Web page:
Performance excerpt of Elizabeth McAlpine's Words & Music (Headlines)," 2010, at Laurel Gitlen, New York, April 3, 2011. Video: 16 MilesElizabeth McAlpine's Words and Music (Headlines) (2010) sounds like a straightforward enough piece of piano music when you're listening to it, hearing mostly-dissonant chords come and go, one at a time. Seeing it in person, though, as I did last night at Laurel Gitlen, reveals a work with a complicated conceptual structure and tricky technical requirements, with five performers playing the work on a single piano, navigating the gallery and the keyboard as they move through the piece.
The instructional text for Words and Music, hung on a wall, provides an outline of the work's intricate framework. It notes that 26 uppercase letters, 26 lowercase letters, 10 numbers, and 26 punctuation marks and symbols equal 88 total signs, which happens to be the same number of keys that are found on a standard piano. Why is this arbitrary equivalence relevant, you ask? McAlpine has set each letter, number, or mark to a different piano key, and used that system to transliterate the headlines of the day's newspapers into a series of chords, with each headline filling a page of the score. (The work has been presented previously in London; the instructional text for a July 15, 2010, performance is available on the artist's web site.)
The headlines for Sunday, April 3, 2011, as you can hear, yielded disquieting, sometimes lonely sounding music, but also some moments of unusual beauty and hard-won consonance. The work will be performed again on the final day of the show, May 1, using that day's headlines. Certain words will no doubt reappear, like prepositions, articles, and perhaps even some proper nouns — Yemen, Bachmann, Obama? — and they will generate a familiar cascade of notes. But others names, other sounds, will be new. What will they sound like? How much will the news change over the course of one month?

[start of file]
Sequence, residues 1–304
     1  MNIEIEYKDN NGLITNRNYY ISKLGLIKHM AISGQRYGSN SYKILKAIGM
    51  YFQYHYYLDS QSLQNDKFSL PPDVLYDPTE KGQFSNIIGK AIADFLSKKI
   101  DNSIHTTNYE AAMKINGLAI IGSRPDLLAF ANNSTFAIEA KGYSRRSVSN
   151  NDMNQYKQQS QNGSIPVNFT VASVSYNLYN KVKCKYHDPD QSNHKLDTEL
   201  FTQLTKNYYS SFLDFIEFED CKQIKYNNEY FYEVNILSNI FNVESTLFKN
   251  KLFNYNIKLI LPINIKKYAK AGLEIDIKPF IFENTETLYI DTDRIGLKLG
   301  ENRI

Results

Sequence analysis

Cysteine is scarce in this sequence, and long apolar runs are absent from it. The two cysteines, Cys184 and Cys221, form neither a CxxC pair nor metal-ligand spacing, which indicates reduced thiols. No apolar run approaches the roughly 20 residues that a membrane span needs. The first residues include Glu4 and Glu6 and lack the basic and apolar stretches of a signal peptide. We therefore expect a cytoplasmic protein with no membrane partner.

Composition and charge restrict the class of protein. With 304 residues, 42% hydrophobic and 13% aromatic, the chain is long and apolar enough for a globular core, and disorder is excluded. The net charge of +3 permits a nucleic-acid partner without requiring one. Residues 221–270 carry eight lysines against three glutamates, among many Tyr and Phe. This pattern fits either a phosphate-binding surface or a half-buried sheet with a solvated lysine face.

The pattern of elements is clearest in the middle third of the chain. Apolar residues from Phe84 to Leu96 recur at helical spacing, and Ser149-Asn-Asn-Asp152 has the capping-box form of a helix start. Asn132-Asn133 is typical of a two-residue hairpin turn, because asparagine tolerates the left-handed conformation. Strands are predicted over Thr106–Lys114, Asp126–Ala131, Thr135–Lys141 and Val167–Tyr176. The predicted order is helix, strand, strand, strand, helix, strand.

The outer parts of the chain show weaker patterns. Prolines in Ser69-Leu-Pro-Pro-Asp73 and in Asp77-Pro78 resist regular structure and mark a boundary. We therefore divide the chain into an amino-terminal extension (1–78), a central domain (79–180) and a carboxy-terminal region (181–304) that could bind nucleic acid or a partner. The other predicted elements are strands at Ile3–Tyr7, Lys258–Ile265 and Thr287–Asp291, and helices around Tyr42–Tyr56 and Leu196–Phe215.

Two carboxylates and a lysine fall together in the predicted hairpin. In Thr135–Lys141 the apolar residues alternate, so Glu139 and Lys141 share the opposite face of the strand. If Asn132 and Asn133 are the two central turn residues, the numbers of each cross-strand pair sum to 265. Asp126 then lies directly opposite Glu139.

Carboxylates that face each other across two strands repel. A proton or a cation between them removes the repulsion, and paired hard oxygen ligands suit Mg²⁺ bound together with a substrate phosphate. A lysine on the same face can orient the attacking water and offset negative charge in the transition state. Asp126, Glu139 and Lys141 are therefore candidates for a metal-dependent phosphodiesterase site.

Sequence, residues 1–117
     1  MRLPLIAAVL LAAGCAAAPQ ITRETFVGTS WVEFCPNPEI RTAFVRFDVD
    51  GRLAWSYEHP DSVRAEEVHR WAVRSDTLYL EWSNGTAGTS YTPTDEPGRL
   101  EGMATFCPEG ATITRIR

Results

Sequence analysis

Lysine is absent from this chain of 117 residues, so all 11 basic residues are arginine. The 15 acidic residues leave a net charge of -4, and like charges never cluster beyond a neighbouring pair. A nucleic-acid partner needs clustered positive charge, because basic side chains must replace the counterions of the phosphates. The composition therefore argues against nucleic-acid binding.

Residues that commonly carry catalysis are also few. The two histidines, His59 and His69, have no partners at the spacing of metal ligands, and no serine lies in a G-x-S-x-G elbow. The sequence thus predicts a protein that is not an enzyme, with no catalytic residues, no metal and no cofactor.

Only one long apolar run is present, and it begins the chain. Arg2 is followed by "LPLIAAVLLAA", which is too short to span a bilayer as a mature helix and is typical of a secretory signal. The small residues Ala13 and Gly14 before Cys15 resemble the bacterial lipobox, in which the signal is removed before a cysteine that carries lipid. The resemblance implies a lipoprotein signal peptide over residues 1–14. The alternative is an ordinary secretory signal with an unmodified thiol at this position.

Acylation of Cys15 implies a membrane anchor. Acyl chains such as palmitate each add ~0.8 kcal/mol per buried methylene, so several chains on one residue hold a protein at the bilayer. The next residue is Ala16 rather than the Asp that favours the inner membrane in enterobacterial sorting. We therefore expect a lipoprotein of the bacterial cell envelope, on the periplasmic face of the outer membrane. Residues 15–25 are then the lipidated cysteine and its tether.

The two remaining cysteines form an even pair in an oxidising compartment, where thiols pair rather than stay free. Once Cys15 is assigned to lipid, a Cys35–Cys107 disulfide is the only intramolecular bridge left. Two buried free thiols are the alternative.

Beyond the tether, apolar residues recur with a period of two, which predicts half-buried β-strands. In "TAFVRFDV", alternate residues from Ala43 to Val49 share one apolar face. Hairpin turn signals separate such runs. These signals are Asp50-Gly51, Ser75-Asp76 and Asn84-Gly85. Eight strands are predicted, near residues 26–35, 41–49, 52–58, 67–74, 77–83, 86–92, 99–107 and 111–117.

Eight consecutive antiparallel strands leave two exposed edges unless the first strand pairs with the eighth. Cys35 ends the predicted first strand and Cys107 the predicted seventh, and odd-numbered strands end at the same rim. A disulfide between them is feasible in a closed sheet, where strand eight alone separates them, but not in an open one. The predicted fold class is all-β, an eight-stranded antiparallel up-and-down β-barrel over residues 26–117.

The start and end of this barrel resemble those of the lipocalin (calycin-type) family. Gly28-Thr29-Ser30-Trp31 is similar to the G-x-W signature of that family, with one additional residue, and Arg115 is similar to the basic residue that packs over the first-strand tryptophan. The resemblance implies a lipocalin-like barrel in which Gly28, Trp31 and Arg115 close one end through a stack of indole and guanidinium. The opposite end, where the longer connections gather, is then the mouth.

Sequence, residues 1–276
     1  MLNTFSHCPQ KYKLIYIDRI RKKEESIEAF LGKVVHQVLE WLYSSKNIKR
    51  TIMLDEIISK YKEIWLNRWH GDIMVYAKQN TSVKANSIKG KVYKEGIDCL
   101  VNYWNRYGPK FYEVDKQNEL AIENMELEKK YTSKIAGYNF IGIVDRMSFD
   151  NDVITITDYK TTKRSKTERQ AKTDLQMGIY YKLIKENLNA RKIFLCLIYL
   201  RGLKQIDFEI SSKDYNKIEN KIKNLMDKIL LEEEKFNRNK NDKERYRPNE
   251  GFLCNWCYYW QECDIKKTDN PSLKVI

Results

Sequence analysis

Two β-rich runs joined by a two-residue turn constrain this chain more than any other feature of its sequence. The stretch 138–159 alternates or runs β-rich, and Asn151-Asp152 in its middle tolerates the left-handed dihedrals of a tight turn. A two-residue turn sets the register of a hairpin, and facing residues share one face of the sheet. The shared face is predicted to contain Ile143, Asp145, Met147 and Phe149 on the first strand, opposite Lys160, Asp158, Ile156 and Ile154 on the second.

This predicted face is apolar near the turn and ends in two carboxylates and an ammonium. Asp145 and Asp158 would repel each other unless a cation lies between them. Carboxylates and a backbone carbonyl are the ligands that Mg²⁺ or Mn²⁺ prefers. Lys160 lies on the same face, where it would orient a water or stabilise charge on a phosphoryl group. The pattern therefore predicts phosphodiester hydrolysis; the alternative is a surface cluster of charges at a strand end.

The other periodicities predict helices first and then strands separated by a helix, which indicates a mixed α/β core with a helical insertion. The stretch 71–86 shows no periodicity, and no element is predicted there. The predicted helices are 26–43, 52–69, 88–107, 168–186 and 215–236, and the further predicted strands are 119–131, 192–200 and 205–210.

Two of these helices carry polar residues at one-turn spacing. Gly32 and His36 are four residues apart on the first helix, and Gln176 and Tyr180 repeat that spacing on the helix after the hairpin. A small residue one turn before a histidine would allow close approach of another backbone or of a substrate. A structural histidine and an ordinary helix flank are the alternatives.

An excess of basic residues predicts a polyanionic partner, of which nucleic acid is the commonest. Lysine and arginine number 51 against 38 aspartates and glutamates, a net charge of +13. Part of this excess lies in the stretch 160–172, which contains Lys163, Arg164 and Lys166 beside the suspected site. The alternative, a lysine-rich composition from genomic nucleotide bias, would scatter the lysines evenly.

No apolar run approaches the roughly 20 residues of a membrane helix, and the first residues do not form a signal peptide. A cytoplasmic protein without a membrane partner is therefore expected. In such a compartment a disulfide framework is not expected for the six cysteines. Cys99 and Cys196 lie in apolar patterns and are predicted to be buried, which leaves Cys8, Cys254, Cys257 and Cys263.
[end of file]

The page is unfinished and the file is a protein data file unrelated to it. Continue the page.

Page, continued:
Post-performance installation view of Elizabeth McAlpine, Words and Music (Headlines), 2010. Performance(s), two instruction texts, and one drawing, installation dimensions variable, instruction texts: 30 x 60 cm each, drawing: 60 x 150 cm. Photo: 16 Miles
On a tangentially note, McAlpine's piece reminds me of the joyous video of Sonic Youth performing George Maciunas's Piano Piece #13 (for Nam June Paik) (1964).